NEW YORK (The Deal) -- Blackbaud (BLKB) scored a surprise acquisition Tuesday, Sept. 2, by agreeing to acquire philanthropic technology provider MicroEdge from private equity owner Vista Equity Partners for $160 million.
The Charleston, S.C., nonprofit software provider said in a statement it will finance the deal with cash and its credit facility. It expects the transaction to close in the fourth quarter. The purchase would mark the software maker's first sizable deal since its acquisition of Convio for $275 million in 2012.
As for Vista of Austin, Texas, the deal's valuation is far above the $30 million the firm paid to Advent Inc. in 2009 for MicroEdge. PE firm Bregal Sagemount also has been a minority owner in MicroEdge since early 2013.
"MicroEdge is a great story of a business transformation: taking a solid, but orphaned, franchise within a larger organization and revitalizing its mission," Vista Equity Partners principal Alan Cline said in an e-mail. "MicroEdge clients and employees alike have benefited from our investments over the years, in addition to the innovation that MicroEdge products now provide their clients."
MicroEdge spokeswoman Kathy Krais declined to comment further on the deal, but she said MicroEdge is excited to move forward with the agreement.
"It's a nice deal for everybody, especially for Vista," said Gene Ramirez, a managing director of New York investment bank Morgan Joseph TriArtisan.
MicroEdge is a healthy, growing business, with the majority of its revenue coming from the Software-as-a-Service space, Ramirez said, adding that the two companies were ultimately competitors in some ways. MicroEdge is a leader in the grant management solutions sector, and Blackbaud is a leader in the nonprofit software industry, he added.
The New York target does not disclose its financials, but according to Ramirez, who is familiar with the company, it posted revenue of $40 million and had Ebitda margins of 35% to 36% in 2013. Blackbaud, which has a market capitalization of around $1.81 billion, generated $503 million in revenue and $271 million in gross profit last year, according to the company's 10-K filing with the Securities and Exchange Commission.
"If you look at MicroEdge, it's a reasonable price for this asset," he said, adding it is a "good strategic buy that [came to] fruition."
The deal came as a surprise from Blackbaud, however, which welcomed a new chief executive less than a year ago and is in the process of streamlining its offerings, said Peter Wahlstrom, an analyst at Morningstar (MORN) .
Though Blackbaud scooped up WhippleHill Communications in June, Wahlstrom pointed out that WhippleHill was more of a tuck-in acquisition that didn't move the needle for the company and also had a much more modest price tag of $35 million.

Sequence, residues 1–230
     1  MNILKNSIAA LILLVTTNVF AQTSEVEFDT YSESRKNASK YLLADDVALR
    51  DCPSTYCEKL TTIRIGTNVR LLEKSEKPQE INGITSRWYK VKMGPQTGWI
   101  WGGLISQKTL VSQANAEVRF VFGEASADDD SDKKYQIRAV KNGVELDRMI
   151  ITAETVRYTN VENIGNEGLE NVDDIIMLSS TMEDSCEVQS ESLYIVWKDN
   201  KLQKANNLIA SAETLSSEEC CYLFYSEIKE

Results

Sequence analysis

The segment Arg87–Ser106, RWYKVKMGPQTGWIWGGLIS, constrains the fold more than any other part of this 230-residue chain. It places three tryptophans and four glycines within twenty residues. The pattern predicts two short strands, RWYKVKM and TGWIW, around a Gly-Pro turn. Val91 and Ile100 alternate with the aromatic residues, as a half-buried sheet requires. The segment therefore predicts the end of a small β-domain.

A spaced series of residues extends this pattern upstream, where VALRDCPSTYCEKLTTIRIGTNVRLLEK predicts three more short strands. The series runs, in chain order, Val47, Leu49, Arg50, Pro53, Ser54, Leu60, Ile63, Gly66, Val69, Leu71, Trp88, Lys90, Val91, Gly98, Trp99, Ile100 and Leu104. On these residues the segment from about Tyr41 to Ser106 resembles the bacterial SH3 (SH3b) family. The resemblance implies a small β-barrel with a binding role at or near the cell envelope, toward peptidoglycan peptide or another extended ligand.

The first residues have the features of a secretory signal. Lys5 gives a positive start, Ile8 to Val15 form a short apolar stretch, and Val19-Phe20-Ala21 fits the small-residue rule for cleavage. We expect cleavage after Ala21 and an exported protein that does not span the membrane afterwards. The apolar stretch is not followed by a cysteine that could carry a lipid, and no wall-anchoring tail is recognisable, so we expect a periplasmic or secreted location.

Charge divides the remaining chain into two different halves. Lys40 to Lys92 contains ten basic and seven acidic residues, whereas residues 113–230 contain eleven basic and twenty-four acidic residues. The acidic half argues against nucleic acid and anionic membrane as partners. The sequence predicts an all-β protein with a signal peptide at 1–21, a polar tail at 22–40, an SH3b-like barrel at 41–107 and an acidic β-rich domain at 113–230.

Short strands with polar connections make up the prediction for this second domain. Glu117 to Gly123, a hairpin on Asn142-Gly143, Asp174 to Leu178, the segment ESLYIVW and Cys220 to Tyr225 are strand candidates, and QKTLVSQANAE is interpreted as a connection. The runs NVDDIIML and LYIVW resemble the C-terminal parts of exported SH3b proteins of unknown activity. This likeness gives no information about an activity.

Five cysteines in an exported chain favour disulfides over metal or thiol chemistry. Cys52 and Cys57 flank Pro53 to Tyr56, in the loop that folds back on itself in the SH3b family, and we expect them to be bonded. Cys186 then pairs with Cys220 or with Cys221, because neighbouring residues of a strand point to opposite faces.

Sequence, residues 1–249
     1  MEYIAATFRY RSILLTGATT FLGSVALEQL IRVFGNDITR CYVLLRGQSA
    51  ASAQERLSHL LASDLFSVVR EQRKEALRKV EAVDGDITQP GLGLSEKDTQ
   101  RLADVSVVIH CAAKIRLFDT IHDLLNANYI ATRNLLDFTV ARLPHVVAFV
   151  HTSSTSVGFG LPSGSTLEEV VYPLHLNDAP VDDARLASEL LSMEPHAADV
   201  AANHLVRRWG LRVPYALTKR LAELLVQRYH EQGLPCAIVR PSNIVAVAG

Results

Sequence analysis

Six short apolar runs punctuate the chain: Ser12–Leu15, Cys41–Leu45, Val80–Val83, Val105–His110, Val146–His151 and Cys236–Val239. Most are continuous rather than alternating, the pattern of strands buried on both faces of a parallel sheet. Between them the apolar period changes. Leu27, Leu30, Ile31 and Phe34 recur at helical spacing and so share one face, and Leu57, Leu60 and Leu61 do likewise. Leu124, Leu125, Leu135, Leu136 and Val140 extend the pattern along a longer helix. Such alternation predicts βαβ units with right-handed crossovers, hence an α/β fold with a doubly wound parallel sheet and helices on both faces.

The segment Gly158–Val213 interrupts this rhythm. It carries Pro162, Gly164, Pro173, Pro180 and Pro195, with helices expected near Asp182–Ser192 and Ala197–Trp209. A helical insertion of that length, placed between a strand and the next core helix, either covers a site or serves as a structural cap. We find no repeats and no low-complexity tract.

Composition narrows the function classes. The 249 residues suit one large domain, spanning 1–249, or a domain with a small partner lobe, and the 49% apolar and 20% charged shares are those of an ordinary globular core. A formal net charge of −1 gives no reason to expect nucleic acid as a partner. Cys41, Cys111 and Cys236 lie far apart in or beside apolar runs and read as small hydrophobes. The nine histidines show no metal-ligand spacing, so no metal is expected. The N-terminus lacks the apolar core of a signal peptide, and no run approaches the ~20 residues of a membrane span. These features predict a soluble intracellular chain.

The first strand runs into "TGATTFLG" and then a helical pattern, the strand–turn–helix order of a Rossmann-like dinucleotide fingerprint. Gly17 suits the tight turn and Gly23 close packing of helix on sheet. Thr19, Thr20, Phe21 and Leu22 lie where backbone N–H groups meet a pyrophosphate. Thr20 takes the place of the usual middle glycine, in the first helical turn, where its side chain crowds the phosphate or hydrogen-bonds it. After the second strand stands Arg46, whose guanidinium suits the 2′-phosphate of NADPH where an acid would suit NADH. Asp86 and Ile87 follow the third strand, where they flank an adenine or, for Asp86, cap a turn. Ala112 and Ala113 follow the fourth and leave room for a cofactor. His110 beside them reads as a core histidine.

While Wahlstrom doesn't think Blackbaud has the financial flexibility to carry out other acquisitions of this size, he said the transaction is "a complimentary deal that fits pretty nicely into Blackbaud."
MicroEdge has a large number of enterprise-type customers that serve organizations, which will allow Blackbaud to sell products and services to larger customers and bring up average revenue per customer, Wahlstrom explained.
This also could be a sign that new CEO Michael Gianoni may be more acquisitive in an effort to increase the size of the company, Ramirez explained, pointing to Sage Software Inc. as a potential takeover target for Blackbaud. Gianoni declined further comment on the transaction, but he said via e-mail that Blackbaud's growth strategy combines a "focus weighted on organic revenue growth derived from providing existing solutions to currently served markets, together with complementary acquisitions."
Ramirez added that Blackbaud itself ultimately could end up on the radar screens of larger peers such as Microsoft (MSFT) , SAP (SAP) and Oracle (ORCL) . Microsoft has a market cap of $376 billion, SAP of $96 billion and Oracle of $186 billion. Oracle has been particularly acquisitive, most recently agreeing in June to pick up Micros Systems (MCRS) for $5.3 billion.
"It has a nice margin profile. I think they've managed the business well over the years," Ramirez said, adding the nonprofit space has been a fairly active market with the growth of crowd-funding and crowd-sourcing players such as Indiegogo Inc.
Scott Kamran, George Farber, Sunil Koshie, Edward Martin and Harrison Lieberfarb of Evercore Partners Inc. served as financial advisers for Blackbaud, which received legal counsel from Martin Wellington, Craig Phillips, Cynthia Akard, Arthur Burke, Michael Sohn and Stephen Pepper of Davis Polk & Wardwell.
MicroEdge received financial advice from Jeff Bistrong, Mike Wilkins, Tyler Dewing, Andy Leed and Matt Volinsky of Harris Williams & Co. and legal advice from David Breach and David Dixon of Kirkland & Ellis.
Bregal Sagemount did not return requests for comment Tuesday.
Shares of Blackbaud, which trade on the Nasdaq under the ticker BLKB, are up 4.5% year-to-date, closing at $39.32 on Tuesday, up 1.11% from their Friday close.